Significant progress has been made on several long-standing issues regarding T-cell receptor mediated recognition of antigen-MHC complexes. For one, early data suggest that the affinity of the T-cell receptor for the peptide-MHC complex is extremely low, with a KD of approximately 10(-4)-10(-5)M, much weaker than most antibody-antigen interactions. The fact that this affinity is lower than that of some T-cell adhesion molecules for their ligands could have important implications for immune surveillance. A second area of interest is the topology of T-cell receptor recognition; evidence of direct contact between the third complementarity determining region of the T-cell receptor and peptide determinants has been obtained. In addition, the orientation of the T-cell receptor with respect to several antigen-MHC complexes has been predicted. They suggest that whereas most or all peptides seem to bind in the same orientation in both class I and class II MHC molecules, the orientation of the T-cell receptor over the peptide-MHC complex may not be fixed.

    View details for Web of Science ID A1993KN29300008

    View details for PubMedID 8452673



    Hematopoietic stem cells (HSC) were isolated from mouse fetus, and their developmental potential was compared with adult HSC. Donor-derived V gamma 3+T cells were detected in fetal thymic lobes, repopulated in vitro with fetal liver HSC, but not in those with adult bone marrow HSC. Single clonogenic fetal HSC gave rise to thymic progeny that include V gamma 3+, other gamma delta+, and alpha beta+ T cells. No V gamma 3+ T cells were detected in adult thymus injected intrathymically with either fetal or adult HSC. These results support a hypothesis that only fetal HSC have the capacity to differentiate into V gamma 3+ T cells in the fetal thymic microenvironment, and that the developmental potential of HSC may change during ontogeny.

    View details for Web of Science ID A1992JM21900003

    View details for PubMedID 1599125



    CD4 and CD8 have been useful surface markers for alpha/beta T cell maturation. In an alpha/beta T cell receptor (TCR) transgenic SCID mice system, it has been shown that alpha/beta TCR alone is sufficient to induce CD4 and CD8 surface expression on thymic T cells. Although the late embryonic thymic gamma/delta T cells are predominately single and double positive, it has not been clear if gamma/delta TCR has a similar capacity. In this study, we show that when transgenes encoding the earliest embryonic gamma/delta TCR are coexpressed with the SCID defect, the gamma/delta transgenes promote the appearance of both the CD4-8- and CD4+8+ T cells in the thymus. Furthermore, the expression of CD4 and CD8 does not require continuous surface gamma/delta TCR expression. These results indicate that gamma/delta TCR alone can promote the CD4/8 surface expression, and may suggest a role for gamma/delta T cells in initiating normal thymic ontogeny.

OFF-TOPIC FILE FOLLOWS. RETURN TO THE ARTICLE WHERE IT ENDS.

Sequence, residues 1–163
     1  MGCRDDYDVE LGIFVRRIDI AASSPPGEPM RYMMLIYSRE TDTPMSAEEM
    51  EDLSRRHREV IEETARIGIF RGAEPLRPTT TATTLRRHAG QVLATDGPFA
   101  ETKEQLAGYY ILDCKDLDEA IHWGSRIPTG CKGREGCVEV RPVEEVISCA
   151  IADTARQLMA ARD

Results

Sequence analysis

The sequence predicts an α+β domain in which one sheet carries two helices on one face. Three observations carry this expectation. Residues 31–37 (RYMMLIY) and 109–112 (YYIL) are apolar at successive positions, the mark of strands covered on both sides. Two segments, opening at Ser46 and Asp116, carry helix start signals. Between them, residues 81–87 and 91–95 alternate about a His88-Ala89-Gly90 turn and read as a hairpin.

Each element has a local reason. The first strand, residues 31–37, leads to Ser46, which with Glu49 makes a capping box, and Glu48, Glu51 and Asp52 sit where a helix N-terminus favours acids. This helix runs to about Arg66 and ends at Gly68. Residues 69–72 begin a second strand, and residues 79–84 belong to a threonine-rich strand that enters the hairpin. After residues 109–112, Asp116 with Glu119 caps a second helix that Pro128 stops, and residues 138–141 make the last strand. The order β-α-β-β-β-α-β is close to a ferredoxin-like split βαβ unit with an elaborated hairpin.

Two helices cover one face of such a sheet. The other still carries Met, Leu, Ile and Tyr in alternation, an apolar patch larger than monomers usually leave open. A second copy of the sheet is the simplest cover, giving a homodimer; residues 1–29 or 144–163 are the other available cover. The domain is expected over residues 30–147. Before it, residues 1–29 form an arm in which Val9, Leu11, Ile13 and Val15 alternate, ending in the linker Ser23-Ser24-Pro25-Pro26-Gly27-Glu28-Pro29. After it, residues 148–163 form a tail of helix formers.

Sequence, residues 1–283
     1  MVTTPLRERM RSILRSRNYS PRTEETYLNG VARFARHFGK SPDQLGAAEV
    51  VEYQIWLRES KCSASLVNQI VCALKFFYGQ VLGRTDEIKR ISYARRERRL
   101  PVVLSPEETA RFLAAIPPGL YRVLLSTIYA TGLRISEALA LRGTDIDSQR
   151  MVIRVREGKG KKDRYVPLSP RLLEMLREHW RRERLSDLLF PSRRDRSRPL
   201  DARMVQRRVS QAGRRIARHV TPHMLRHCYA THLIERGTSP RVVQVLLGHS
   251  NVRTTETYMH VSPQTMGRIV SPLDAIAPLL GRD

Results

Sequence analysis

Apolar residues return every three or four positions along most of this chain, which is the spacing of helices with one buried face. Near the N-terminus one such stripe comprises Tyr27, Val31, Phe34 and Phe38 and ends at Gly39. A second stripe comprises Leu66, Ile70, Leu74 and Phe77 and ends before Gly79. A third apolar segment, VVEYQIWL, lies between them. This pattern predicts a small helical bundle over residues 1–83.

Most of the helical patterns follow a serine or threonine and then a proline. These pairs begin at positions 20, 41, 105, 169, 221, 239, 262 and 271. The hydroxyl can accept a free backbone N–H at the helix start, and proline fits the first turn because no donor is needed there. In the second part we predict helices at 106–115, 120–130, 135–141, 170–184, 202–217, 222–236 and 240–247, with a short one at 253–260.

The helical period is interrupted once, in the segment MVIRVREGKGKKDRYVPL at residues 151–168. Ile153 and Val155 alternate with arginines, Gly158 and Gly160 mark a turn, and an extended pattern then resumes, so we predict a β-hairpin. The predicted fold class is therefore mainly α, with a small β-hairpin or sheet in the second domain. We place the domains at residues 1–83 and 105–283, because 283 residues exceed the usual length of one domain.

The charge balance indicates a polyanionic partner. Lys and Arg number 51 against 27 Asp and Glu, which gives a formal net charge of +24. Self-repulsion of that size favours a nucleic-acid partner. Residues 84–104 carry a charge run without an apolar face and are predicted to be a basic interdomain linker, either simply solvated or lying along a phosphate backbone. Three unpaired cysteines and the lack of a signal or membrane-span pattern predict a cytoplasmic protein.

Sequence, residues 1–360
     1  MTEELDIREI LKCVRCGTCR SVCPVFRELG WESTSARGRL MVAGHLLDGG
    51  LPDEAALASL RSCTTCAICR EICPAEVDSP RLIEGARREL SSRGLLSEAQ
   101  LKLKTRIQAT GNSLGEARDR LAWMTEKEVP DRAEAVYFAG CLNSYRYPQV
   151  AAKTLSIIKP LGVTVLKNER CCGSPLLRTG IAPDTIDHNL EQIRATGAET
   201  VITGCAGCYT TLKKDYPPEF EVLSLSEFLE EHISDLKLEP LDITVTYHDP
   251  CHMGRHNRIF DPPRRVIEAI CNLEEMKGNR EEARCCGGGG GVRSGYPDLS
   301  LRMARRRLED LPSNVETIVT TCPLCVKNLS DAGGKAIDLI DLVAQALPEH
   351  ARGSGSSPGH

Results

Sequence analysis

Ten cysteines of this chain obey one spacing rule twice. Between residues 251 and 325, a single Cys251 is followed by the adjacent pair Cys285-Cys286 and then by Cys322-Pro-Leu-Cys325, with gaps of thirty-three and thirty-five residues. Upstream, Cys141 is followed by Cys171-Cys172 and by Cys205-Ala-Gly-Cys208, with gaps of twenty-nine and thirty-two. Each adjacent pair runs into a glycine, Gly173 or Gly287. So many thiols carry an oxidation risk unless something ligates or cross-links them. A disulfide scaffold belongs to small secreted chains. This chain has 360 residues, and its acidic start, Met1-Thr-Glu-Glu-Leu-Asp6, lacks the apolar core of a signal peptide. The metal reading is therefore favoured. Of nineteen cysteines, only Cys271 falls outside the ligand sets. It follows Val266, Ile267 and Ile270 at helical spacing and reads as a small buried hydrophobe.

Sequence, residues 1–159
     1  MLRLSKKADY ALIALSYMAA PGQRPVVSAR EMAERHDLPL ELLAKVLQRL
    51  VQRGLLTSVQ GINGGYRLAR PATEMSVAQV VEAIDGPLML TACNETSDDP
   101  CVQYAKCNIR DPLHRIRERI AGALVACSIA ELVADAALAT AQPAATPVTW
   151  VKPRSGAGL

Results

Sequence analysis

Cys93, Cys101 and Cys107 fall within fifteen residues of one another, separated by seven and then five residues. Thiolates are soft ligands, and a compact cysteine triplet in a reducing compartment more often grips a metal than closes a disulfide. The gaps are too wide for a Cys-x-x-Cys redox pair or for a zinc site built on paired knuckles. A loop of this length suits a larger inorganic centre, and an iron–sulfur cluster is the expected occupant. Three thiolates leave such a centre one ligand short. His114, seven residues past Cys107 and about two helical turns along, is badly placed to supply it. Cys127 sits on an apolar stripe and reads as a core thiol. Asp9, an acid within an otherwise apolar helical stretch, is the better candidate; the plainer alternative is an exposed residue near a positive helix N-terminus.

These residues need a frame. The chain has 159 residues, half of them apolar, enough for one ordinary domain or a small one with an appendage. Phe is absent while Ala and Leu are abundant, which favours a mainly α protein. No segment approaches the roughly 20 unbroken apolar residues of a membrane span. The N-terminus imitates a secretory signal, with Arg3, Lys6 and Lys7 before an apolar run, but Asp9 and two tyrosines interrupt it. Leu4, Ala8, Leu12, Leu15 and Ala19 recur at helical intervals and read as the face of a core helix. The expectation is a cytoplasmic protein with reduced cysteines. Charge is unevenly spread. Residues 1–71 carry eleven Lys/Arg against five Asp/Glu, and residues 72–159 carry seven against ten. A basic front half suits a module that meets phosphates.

View details for Web of Science ID A1991FU89700034

    View details for PubMedID 1905341



    Day 14 fetal thymocytes and adult dendritic epidermal T cells (dEC) of all mouse strains express a characteristic non-polymorphic gamma delta T-cell receptor which is rarely found in the adult thymus or lymph nodes. We have made transgenic mice expressing this particular set of receptors on T cells in C3H and C57BL/6 mice. In adult mice of the latter strain, a dramatic depletion of transgene expressing T cells occurs and this effect is primarily mediated by thymic radiosensitive cells. The depletion is genetically dominant but not MHC-linked with major factor(s) mapping to chromosome 18. Taken together, our results show that strain-specific developmental changes in the thymic environment may play a role in shaping the gamma delta TCR repertoire.

    View details for Web of Science ID A1991FK38000012

    View details for PubMedID 1831656



    Hematopoietic stem cells (HSCs) isolated from mouse fetal liver, like adult HSCs, are Thy-1lo Lin- Sca-1+. Donor-derived V gamma 3+ T cells were detected in fetal thymic lobes repopulated in vitro with fetal liver HSCs, but not in those with adult bone marrow HSCs. Single clonogenic fetal HSCs gave rise to thymic progeny that include V gamma 3+, other gamma delta+, and alpha beta+ T cells. No V gamma 3+ T cells were detected in adult thymus injected intrathymically with either fetal or adult HSCs. These results support the hypothesis that only fetal HSCs have the capacity to differentiate into V gamma 3+ T cells in the fetal thymic microenvironment and that the developmental potential of HSCs may change during ontogeny.

    View details for Web of Science ID A1990DY10000006